MMA And Authenticity: A Conversation with Tito Ortiz For The Home Entertainment Release of Matt Eskandari's TRAUMA CENTRE | The Fan Carpet Ltd • The Fan Carpet: The RED Carpet for FANS • The Fan Carpet: Fansites Network • The Fan Carpet: Slate • The Fan Carpet: Theatre Spotlight • The Fan Carpet: Arena • The Fan Carpet: International

MMA And Authenticity: A Conversation with Tito Ortiz For The Home Entertainment Release of Matt Eskandari’s TRAUMA CENTRE

26 February 2020

Cited by film producer Jeff Most as "The next Vin Diesel", Tito delivers the audience as well as the sheer acting talent. The most electrifying Ultimate Fighting competitor alive today, as intimidating as Tito is in the ring, outside he is an unparalleled fan favorite. A dynamic speaker, Tito's popularity with the fans made for a natural move into other media. He frequently appears on talk shows and in magazine articles and stars in the popular video game, "UFC: Tapout" on Xbox. Having made a cameo appearance in Jet Li's Cradle 2 the Grave (2003), Tito recently delivered a breakout performance with his first starring role, opposite Edward Furlong, David Boreanaz, and Dennis Hopper, in The Crow: Wicked Prayer (2005), scheduled for release in early 2005.

But life for "The Huntington Beach Bad Boy" wasn't always this good, and even as he soars to the top, Tito has never forgotten his roots. The child of two drug-addicted parents, in high school Tito chose wrestling over drugs and gangs, and excelled. He went on to compete at the college level and earned two consecutive titles as California State Wrestling Champion before making the shift to Ultimate Fighting...where he became the world champion less than two years after entering the sport.

Today, as he balances his time between fighting, acting, running his clothing line, "Punishment Athletics", and developing his new game for Xbox, Tito also regularly prioritizes working with inner city children; motivating kids to stay in school, to stay away from drugs and gangs, and to pursue their dreams, no matter what their current situation; and, through his foundation, Tito supports children's charity initiatives and raises money to establish better after-school athletic programs in neighborhoods like the one he came from.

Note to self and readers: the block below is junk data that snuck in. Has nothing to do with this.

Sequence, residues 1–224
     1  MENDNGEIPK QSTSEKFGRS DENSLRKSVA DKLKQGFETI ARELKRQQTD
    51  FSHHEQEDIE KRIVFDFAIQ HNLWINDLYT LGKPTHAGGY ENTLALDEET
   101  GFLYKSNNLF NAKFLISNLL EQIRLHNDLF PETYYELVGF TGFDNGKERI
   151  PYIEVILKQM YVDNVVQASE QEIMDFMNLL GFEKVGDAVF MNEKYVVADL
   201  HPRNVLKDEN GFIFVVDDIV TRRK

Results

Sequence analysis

Nicky Whelan (Left Behind, Halloween II, TV’s “Scrubs”) stars with Bruce Willis (Die Hard series, Pulp Fiction, The Sixth Sense, Unbreakable), alongside Tito Ortiz, Texas Battle, Steve Guttenberg and Catherine Davis in the edge-of-your-seat thriller TRAUMA CENTRE.

Screen legend Bruce Willis plays Lt. Wakes, a vengeful police detective determined to solve the murders of his partner and an informant. Wakes joins forces with Madison (Nicky Whelan), a witness injured during the shootings. After the killers pursue Madison across the abandoned floor of a hospital, she confirms Wakes's worst fears: the two men are actually corrupt vice cops covering up a crime. As Wakes vows revenge, this heart-pounding action-thriller reaches an explosive climax.

TRAUMA CENTRE is directed by Matt Eskandari, written by Paul Da Silva and produced by Randall Emmett, P.G.A., George Furla, P.G.A., Mark Stewart and Luillo Ruiz.

In our interview, Tito tells The Fan Carpet's Marc Jason Ali about why he took on the role, working with the cast and bringing authenticity to the roles he takes...


Right. So, fantastic film, you’re performance as Pierce. What was it about this story that first enticed you to get involved?

Well, I think working with Bruce Willis and Nicky Whelan was a great start of it for me, you know, reading the story, trying to get into it, being an officer and, you know, trying to make ends meet just as the character in general.

It was an opportunity for me to do a little bit of acting and it was a really really interesting story. But at the same time, just the build-up for the ending of being shot but at the same time, just the build up to it, it was something out of the ordinary that I would normally do, you know. People are used to seeing me in fighting stuff or, you know, competing, but this was a real role that I got to get into.


Absolutely. So, obviously with your background being in mixed martial arts, do you find you were able to allow Nicky (Whelan) just go for it with your altercations?

Well, I think it just came back to my acting classes was just really trying find the right character that they where looking for, and that I could really tell a story of who Pierce really was.